Data monopolies makes changing between music services hard. But it’s much more serious for gig economy workers.
But for too many of us, work is far from a labour of love. Over 7 million people in working households live below the poverty line. Pay has yet to recover to its pre-crisis level nearly a decade since the crash. And barely a week passes without another news story reporting the mistreatment of workers.
Will the emergence of new technologies make matters better or worse? While some predict the mass automation of jobs, downward pressure on wages and excessive surveillance in the workplace, others believe a new machine age will usher in work that is more human, productive and purposeful.
With support from our partners, the RSA has launched a new Future Work Centre to explore these impacts in more depth. Our intention is to equip policymakers, employers and educators with the insights to prepare today’s workers for tomorrow’s workplace.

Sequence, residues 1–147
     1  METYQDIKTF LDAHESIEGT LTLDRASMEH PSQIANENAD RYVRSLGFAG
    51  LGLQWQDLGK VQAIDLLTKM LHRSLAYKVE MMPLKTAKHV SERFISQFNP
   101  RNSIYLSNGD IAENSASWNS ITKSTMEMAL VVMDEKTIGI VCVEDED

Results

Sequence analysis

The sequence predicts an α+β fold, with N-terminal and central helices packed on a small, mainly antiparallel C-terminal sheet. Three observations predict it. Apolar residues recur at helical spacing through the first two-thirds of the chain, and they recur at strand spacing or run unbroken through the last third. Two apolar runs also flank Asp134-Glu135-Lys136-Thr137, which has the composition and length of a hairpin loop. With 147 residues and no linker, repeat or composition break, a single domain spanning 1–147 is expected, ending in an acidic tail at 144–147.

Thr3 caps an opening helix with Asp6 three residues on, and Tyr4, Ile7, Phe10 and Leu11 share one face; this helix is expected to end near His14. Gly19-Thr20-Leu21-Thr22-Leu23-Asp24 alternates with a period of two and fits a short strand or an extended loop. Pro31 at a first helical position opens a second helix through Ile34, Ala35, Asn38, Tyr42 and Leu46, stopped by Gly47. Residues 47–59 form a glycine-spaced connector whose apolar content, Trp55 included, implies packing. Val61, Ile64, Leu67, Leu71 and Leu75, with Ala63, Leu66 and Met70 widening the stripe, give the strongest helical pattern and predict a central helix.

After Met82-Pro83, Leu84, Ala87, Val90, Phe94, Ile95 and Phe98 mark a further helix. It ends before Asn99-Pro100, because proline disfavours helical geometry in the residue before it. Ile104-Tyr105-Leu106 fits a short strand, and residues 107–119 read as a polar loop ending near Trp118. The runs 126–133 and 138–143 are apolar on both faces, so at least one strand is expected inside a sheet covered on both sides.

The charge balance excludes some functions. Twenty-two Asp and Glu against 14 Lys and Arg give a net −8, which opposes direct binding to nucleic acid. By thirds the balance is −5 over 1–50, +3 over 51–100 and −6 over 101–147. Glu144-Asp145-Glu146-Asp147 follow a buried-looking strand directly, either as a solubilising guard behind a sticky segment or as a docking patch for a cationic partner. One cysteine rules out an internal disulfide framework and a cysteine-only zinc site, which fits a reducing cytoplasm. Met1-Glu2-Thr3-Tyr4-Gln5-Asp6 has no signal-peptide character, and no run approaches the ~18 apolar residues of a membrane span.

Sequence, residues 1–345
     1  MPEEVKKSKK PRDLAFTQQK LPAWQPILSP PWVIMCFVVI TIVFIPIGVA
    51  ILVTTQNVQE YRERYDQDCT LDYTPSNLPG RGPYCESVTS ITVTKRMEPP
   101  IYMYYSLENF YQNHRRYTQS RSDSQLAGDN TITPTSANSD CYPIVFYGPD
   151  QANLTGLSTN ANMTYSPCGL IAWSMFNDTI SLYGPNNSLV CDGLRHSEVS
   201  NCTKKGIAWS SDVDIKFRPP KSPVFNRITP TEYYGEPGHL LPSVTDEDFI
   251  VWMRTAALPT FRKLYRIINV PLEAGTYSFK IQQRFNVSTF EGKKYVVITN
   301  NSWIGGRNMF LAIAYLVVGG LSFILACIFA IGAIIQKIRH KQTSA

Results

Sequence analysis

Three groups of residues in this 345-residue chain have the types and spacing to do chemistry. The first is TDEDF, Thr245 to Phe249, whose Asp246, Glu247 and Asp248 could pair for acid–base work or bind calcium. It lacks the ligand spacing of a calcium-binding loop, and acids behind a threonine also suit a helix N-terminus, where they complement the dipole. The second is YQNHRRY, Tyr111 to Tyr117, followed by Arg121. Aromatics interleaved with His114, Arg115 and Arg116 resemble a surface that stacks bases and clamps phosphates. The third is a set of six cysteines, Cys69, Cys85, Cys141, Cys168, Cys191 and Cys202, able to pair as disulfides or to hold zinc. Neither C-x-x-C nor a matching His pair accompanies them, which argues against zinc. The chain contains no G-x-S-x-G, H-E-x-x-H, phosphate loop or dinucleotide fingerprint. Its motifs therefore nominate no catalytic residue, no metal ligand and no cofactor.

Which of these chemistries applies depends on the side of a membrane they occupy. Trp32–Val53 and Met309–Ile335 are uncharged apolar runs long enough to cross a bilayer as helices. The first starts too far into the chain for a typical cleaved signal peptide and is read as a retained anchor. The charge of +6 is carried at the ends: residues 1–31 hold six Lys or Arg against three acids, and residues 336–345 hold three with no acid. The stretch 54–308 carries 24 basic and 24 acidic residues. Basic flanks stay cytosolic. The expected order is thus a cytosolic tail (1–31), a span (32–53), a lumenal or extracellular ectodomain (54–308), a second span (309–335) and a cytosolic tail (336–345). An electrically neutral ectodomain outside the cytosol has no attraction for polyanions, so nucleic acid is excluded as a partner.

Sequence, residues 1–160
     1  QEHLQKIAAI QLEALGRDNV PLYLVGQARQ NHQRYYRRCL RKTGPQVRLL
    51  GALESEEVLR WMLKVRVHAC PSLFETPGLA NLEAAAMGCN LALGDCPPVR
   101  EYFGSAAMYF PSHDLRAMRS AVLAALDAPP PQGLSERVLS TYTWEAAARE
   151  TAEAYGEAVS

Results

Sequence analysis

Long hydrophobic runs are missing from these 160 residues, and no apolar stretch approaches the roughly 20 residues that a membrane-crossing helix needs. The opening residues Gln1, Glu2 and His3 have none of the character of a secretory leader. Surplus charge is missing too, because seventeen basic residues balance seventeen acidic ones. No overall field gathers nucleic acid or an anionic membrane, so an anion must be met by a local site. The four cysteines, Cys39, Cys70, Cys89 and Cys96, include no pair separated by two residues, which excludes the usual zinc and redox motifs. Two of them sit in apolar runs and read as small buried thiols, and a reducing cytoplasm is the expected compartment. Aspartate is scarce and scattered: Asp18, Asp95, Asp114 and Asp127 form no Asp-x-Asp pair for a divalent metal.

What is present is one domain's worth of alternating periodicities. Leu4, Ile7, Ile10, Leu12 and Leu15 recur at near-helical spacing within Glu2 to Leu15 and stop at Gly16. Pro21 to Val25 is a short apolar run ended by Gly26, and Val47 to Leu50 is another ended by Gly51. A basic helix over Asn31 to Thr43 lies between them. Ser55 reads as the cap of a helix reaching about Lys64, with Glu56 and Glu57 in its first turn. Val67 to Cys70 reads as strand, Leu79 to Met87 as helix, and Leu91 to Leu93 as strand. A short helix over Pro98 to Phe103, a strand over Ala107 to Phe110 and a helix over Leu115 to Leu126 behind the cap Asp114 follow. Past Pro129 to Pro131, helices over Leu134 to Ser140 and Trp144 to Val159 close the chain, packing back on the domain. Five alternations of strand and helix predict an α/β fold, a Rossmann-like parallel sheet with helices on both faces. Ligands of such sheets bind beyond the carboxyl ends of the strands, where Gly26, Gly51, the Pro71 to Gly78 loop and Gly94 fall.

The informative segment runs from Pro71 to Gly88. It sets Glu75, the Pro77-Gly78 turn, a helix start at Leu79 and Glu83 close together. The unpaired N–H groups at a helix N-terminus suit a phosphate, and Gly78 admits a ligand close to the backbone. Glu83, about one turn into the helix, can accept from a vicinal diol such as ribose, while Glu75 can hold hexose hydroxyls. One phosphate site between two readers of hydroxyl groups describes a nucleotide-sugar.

Our Future Work Centre covers three core questions:
- What are the drivers behind the ‘good work gap’ – the difference between our vision of good work and the everyday reality?
- What impact will radical technologies have on the workplace – including but not limited to artificial intelligence, robotics and digital platforms?
- How can we modernise our social contract so that it prepares workers for these shifts?
In answering these questions, we will aim to get behind the headlines, unpick the nuance of debates, and canvass the views of all those who can change the system.
Good work in the new machine age:
The world of work is changing. A new machine age, powered by advances in artificial intelligence, robotics and digital platforms, promises to transform a variety of occupations and sectors. But is this a future to fear or welcome?